A new test for SARS-CoV-2 viral proteins may help identify COVID-19 patients most at risk for becoming critically ill, according to a study published September 8 in Clinical Chemistry.
The single-molecule array Simoa SARS-CoV-2 antigen test is the first to detect and measure blood levels of S1, a protein that is part of the viral envelope of the novel coronavirus. Identifying patients most susceptible to severe complications may help healthcare workers better manage these patients and ensure that space is available at intensive care units (ICUs), according to the study.
Researchers at Brigham and Women's Hospital and Harvard University, who developed the test, evaluated its performance on 64 patients who tested positive for COVID-19 via standard diagnostic polymerase chain reaction (PCR) tests.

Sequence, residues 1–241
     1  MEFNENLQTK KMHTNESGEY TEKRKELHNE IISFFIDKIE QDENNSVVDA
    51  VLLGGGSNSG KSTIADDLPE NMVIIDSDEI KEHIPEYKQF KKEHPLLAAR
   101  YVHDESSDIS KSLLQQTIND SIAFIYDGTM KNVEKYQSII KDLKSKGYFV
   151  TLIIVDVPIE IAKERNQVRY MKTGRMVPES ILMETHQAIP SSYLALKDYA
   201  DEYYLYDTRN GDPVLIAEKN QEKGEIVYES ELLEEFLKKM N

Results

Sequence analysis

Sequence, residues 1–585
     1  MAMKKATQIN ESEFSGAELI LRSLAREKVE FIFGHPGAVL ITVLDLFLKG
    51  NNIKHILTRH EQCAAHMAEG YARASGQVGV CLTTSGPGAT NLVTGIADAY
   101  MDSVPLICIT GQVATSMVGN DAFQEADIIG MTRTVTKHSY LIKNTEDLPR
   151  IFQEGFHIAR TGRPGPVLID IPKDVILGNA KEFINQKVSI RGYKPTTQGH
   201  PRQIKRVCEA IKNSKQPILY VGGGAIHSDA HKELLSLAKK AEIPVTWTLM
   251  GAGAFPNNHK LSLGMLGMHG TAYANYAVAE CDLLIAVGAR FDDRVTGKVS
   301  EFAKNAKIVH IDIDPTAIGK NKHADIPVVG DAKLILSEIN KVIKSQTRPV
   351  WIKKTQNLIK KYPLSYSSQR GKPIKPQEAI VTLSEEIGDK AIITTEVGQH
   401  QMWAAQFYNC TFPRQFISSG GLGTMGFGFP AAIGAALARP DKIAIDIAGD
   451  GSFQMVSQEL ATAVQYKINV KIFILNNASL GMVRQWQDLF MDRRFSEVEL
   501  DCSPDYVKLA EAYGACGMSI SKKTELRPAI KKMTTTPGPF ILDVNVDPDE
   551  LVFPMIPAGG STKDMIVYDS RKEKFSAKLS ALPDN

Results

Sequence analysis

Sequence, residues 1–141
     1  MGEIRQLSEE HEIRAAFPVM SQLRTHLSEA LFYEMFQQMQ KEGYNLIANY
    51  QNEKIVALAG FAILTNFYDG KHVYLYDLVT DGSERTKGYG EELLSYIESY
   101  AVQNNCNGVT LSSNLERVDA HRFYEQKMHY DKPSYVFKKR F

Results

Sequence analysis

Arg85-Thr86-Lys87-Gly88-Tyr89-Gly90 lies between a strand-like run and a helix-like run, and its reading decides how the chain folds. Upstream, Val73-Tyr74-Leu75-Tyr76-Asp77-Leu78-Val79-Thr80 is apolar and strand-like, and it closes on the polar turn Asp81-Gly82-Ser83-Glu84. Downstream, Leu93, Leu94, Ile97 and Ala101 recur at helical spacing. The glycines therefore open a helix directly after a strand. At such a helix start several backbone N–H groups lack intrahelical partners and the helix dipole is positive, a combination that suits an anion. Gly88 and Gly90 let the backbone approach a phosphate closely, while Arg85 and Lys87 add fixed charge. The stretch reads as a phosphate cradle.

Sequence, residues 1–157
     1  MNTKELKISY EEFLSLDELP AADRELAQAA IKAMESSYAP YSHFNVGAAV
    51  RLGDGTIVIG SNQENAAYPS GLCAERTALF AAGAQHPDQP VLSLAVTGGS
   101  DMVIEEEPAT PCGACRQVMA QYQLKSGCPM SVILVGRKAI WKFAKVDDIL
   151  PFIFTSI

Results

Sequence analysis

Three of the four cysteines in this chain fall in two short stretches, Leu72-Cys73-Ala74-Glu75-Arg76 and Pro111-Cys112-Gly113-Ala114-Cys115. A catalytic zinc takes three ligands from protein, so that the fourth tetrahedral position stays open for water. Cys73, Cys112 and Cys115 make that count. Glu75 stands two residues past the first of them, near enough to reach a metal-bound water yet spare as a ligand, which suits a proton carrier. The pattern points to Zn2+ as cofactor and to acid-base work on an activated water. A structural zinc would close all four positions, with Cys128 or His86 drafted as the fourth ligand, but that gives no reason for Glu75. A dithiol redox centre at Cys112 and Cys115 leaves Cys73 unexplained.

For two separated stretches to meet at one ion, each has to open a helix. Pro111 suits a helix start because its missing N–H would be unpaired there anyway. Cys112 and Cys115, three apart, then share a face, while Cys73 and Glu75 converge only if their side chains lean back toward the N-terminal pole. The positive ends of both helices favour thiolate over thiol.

The patients had the following S1 levels:
- 23 had undetectable concentrations.
- 23 had low concentrations of 6 pg/mL to 50 pg/mL.
- 18 had high concentrations that were greater than 50 pg/mL.
The researchers found a link between high concentrations of S1 and admissions to ICUs. In all, 77% of those with high concentrations were admitted to the ICU and required intubation within one day of coming to the hospital. What's more, 52% of patients with low concentrations needed intensive care, and only 30% of those with undetectable levels were admitted to the ICU, according to the results.